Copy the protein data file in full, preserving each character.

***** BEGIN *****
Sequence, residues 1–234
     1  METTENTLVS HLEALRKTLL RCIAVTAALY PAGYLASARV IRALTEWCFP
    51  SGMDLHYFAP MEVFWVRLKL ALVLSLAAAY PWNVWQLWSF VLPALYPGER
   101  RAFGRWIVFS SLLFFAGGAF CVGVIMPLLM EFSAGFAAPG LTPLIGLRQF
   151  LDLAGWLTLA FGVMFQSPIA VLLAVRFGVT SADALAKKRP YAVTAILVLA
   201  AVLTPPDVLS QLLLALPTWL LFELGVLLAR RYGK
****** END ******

Sequence, residues 1–234
     1  METTENTLVS HLEALRKTLL RCIAVTAALY PAGYLASARV IRALTEWCFP
    51  SGMDLHYFAP MEVFWVRLKL ALVLSLAAAY PWNVWQLWSF VLPALYPGER
   101  RAFGRWIVFS SLLFFAGGAF CVGVIMPLLM EFSAGFAAPG LTPLIGLRQF
   151  LDLAGWLTLA FGVMFQSPIA VLLAVRFGVT SADALAKKRP YAVTAILVLA
   201  AVLTPPDVLS QLLLALPTWL LFELGVLLAR RYGK